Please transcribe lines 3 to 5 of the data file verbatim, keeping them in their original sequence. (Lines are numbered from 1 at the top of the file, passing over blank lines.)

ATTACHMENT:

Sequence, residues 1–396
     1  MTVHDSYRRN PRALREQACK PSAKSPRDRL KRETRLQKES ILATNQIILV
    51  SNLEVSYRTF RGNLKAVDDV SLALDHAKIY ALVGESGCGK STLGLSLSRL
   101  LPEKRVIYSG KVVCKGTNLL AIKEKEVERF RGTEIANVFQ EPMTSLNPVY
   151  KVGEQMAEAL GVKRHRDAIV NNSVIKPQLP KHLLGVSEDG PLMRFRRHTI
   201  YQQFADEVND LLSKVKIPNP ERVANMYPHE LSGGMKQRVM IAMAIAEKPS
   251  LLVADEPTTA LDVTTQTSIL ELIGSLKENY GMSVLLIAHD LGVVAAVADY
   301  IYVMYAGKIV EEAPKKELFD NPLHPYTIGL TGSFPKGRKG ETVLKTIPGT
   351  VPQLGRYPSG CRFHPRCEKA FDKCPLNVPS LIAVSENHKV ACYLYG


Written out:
    51  SNLEVSYRTF RGNLKAVDDV SLALDHAKIY ALVGESGCGK STLGLSLSRL
   101  LPEKRVIYSG KVVCKGTNLL AIKEKEVERF RGTEIANVFQ EPMTSLNPVY
   151  KVGEQMAEAL GVKRHRDAIV NNSVIKPQLP KHLLGVSEDG PLMRFRRHTI